WASHINGTON, Feb. 23 (UPI) -- U.S. Attorney General Eric Holder said Wednesday the Justice Department will no longer defend a federal law defining marriage as between a man and a woman.
Section 3 of the federal Defense of Marriage Act, which uses the man-and-woman definition, is being challenged in two federal suits filed in New York and Connecticut.
In a letter to House Speaker John Boehner, R-Ohio, and other congressional leaders, Holder said President Barack Obama "has made the determination that Section 3 ... as applied to same-sex couples who are legally married under state law, violates the equal protection component of the Fifth Amendment."
Holder said the Supreme Court "has yet to rule on the appropriate level of scrutiny for classifications based on sexual orientation," but it has ruled a number of times that "strict scrutiny" -- the toughest level of review -- applies to actions affecting discriminated minorities or the politically powerless.
Given that analysis, "the president has instructed the department not to defend the statute in (the two challenges) now pending in the Southern District of New York and the District of Connecticut," Holder said. "I concur in this determination."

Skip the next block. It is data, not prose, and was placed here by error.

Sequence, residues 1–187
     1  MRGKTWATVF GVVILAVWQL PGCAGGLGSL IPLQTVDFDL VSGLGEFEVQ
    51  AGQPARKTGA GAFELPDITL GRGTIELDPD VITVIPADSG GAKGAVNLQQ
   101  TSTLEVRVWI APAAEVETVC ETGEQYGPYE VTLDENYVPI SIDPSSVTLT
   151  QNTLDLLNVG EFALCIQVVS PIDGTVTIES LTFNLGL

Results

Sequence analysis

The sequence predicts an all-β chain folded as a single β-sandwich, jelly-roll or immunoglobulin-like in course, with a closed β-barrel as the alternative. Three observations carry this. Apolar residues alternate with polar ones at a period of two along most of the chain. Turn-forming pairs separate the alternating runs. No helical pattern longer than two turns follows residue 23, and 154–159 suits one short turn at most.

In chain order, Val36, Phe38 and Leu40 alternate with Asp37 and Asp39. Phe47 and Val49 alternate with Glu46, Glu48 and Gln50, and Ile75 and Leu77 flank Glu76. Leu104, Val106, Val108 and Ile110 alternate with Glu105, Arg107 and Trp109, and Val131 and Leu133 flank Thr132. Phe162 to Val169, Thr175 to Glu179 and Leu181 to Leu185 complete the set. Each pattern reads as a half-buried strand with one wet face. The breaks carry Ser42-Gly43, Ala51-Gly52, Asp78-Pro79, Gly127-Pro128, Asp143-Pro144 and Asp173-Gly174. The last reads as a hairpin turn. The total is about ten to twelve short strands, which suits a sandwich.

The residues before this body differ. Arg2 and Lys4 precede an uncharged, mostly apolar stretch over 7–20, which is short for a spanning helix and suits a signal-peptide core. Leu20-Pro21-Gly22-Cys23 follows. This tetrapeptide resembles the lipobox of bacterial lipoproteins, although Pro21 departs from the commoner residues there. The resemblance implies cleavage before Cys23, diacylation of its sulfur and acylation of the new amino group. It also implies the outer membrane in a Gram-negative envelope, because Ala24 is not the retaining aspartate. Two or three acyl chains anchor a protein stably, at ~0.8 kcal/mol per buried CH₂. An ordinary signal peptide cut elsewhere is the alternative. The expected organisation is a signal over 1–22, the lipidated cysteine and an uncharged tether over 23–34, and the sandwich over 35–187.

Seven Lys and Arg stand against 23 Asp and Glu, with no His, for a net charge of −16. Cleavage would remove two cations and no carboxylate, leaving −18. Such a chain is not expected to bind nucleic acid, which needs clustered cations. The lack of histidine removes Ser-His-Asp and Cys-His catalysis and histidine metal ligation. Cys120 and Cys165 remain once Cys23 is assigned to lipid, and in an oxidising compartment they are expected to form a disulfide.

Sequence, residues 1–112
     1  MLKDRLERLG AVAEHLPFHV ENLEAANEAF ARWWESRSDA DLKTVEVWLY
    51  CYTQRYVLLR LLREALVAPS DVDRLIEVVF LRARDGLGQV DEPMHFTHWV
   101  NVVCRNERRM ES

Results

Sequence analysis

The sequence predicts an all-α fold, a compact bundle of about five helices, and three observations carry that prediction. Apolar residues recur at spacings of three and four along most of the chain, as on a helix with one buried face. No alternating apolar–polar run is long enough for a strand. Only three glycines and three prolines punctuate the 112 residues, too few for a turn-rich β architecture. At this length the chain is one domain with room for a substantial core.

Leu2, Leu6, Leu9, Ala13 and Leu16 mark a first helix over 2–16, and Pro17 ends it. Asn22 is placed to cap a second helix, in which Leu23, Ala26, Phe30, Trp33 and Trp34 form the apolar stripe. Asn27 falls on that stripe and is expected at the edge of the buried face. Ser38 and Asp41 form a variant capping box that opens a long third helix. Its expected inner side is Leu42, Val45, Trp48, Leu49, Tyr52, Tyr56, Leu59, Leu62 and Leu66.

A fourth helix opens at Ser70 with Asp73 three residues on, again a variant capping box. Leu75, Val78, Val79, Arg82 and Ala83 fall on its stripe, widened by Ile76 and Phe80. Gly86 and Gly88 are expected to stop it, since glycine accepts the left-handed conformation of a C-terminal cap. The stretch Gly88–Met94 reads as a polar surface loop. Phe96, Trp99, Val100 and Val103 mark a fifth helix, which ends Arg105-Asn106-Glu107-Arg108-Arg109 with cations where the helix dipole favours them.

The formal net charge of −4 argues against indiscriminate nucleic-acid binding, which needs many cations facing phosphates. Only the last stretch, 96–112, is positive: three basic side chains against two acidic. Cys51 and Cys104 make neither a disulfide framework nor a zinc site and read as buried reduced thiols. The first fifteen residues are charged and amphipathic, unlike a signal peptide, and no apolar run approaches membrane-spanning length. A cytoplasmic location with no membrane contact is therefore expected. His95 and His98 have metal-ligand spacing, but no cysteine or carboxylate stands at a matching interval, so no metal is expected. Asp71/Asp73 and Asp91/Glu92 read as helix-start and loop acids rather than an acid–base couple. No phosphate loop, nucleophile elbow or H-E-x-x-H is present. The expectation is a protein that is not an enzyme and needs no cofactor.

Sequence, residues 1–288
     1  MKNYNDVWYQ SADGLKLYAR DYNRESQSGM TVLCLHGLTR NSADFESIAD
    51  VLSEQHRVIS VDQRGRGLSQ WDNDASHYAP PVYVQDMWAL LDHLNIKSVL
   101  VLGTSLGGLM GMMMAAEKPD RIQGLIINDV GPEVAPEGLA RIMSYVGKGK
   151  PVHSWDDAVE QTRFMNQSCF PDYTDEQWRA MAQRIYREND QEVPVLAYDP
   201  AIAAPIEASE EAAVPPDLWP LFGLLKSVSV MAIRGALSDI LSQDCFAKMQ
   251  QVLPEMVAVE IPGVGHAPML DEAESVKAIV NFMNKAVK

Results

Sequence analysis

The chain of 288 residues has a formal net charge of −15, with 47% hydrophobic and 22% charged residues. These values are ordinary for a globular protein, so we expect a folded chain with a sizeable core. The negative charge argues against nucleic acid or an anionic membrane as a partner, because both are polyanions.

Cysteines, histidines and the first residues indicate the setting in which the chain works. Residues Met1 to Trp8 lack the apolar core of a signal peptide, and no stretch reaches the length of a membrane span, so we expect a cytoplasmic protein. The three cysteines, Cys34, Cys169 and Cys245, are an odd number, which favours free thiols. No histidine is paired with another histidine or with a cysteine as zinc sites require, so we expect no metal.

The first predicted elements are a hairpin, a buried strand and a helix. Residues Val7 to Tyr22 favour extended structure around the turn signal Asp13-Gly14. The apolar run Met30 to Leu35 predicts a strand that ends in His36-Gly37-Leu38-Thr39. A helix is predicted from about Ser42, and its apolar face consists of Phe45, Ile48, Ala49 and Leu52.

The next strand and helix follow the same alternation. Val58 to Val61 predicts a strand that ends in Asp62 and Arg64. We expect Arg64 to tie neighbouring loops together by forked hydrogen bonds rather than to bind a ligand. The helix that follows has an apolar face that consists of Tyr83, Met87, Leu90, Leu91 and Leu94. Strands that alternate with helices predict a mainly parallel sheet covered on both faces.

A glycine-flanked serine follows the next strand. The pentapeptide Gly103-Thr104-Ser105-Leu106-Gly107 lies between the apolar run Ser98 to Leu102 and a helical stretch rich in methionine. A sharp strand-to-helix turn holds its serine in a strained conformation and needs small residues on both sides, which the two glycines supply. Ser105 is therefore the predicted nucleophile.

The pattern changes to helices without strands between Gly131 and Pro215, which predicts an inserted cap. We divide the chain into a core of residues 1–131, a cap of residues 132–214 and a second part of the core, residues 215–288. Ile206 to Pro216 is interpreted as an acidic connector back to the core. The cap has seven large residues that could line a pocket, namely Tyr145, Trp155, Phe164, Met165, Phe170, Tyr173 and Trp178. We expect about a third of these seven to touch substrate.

However, members of Congress could defend the section on their own.
Despite the administration's conclusions, "the president has informed me that Section 3 will continue to be enforced by the executive branch," Holder said. "To that end, the president has instructed executive agencies to continue to comply with Section 3 of DOMA ... unless and until Congress repeals Section 3 or the judicial branch renders a definitive verdict against the law's constitutionality."
Responding to a charge from Boehner that President Obama would "have to explain why he thinks now is the appropriate time to stir up a controversial issue that sharply divides the nation," White House press secretary Jay Carney said the administration "had no choice. It was under a court-imposed deadline to make this decision.""
The court cases "required this decision on its constitutionality, and we had to act because of the deadline," Carney said.